Antimony

Photograph of stibnite courtesy of Mineralite
Generally found in one of two allotropes and has both metallic and non-metallic properties. From latin 'antimonium' used by Constantinius Africanus (c. 1050) to refer to Stibnite. The main source of this element is Stibnite (Sb2 S3), a widely distributed but not very plentiful ore. Antimony is a relatively stable element and is not attacked by dilute acids or alkalis. It is a poor electrical and thermal conductor. Applications of antimony and its alloys include its use as an alloying element for hardening other metals, a bearing material and in batteries. High purity antimony is used in the semiconductor industry.


Symbol
Sb

Discovered
1450

Abundance
0.2 ppm of the Earth’s crust.

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Atomic number 51 Clip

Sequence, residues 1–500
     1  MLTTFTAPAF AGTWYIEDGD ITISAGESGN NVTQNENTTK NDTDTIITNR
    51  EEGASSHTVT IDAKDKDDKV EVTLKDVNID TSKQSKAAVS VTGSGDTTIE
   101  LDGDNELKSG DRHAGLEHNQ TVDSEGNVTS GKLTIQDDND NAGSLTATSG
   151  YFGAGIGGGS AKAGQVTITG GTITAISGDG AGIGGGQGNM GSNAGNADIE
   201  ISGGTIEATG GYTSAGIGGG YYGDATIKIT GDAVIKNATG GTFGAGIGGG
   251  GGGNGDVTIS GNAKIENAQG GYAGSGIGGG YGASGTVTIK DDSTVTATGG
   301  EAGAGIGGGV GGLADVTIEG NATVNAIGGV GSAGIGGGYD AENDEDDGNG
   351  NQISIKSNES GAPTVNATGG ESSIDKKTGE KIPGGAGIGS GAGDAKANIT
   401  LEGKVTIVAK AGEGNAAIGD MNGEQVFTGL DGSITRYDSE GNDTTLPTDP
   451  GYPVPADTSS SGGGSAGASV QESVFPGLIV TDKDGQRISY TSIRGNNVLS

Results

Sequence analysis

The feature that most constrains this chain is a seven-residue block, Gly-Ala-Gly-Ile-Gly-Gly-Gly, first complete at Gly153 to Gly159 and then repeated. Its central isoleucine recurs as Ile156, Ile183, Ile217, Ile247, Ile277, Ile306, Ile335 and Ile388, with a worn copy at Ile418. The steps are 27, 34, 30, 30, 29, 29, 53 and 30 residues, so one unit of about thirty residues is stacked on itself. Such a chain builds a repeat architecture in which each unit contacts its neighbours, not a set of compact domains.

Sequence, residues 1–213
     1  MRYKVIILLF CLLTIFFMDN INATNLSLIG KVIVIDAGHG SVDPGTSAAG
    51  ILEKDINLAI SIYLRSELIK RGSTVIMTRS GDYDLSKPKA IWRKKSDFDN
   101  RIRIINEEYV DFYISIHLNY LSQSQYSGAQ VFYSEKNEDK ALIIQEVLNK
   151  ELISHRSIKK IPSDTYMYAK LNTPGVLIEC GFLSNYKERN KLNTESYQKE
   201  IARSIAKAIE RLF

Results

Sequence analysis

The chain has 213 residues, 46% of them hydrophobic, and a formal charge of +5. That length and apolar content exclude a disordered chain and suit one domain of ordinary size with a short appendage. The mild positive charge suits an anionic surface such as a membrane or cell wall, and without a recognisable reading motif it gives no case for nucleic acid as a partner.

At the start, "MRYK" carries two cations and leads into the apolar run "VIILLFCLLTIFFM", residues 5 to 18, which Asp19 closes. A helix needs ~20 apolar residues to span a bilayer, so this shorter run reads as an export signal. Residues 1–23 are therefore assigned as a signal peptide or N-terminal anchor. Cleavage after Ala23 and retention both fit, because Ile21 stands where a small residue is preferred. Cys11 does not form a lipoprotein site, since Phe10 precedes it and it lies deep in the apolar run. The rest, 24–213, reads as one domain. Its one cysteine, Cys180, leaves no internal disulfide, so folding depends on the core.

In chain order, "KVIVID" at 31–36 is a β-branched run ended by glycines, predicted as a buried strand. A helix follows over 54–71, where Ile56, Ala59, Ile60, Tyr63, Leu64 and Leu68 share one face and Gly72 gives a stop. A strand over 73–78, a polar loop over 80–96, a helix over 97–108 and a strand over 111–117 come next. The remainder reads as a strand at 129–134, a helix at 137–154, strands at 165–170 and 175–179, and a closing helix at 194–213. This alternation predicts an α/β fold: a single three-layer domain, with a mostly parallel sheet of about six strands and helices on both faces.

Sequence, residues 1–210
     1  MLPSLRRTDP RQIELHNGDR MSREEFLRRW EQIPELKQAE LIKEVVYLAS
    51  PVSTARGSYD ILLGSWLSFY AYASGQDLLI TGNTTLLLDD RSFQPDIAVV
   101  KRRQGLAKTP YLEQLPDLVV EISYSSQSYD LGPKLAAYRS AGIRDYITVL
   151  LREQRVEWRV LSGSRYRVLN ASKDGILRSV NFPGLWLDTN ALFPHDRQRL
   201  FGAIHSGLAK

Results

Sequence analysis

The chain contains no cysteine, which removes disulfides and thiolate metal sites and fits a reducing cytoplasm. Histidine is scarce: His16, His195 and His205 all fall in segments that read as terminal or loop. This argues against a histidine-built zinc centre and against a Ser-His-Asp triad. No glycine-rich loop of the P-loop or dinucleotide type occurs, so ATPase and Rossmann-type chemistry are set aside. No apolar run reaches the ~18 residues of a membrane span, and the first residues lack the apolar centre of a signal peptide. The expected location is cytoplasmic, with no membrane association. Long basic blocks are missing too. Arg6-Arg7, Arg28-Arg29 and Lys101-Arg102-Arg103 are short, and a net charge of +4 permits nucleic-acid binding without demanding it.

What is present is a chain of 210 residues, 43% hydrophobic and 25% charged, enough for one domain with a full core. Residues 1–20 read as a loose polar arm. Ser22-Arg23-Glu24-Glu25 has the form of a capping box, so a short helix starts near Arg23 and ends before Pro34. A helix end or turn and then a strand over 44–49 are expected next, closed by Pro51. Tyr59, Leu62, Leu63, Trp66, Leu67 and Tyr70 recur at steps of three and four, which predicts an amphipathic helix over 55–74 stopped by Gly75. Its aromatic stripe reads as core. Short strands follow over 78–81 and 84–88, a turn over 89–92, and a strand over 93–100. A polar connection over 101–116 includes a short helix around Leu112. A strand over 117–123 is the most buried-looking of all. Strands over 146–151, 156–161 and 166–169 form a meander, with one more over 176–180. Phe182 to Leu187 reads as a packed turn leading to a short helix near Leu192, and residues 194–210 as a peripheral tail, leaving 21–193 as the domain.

Atomic / Molecular Weight 121.75 gmol-1Clip
Density 6692 kgm-3Clip
Lattice constant 451 fmClip
Melting Point 904 KClip
Boiling Point 1873 KClip
Linear expansivity 0.000011 K-1Clip
Specific heat capacity 209 Jkg-1K-1Clip
Latent heat of fusion 164000 Jkg-1Clip
Thermal conductivity 25.5 Wm-1K-1Clip
Bulk Modulus of Rigidity 42000000000 Nm-2Clip
Electromotive Series -0.1 VClip
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See also: Antimony Hydride, Antimony Pentachloride, Antimony Pentafluoride, Antimony Tetroxide, Antimony Tribromide, Antimony Trichloride, Antimony Trifluoride, Antimony Triiodide, Antimony Trioxide, Antimony Triselenide, Antimony V Oxide, Periodic Table, Pewter.

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Subjects: Chemistry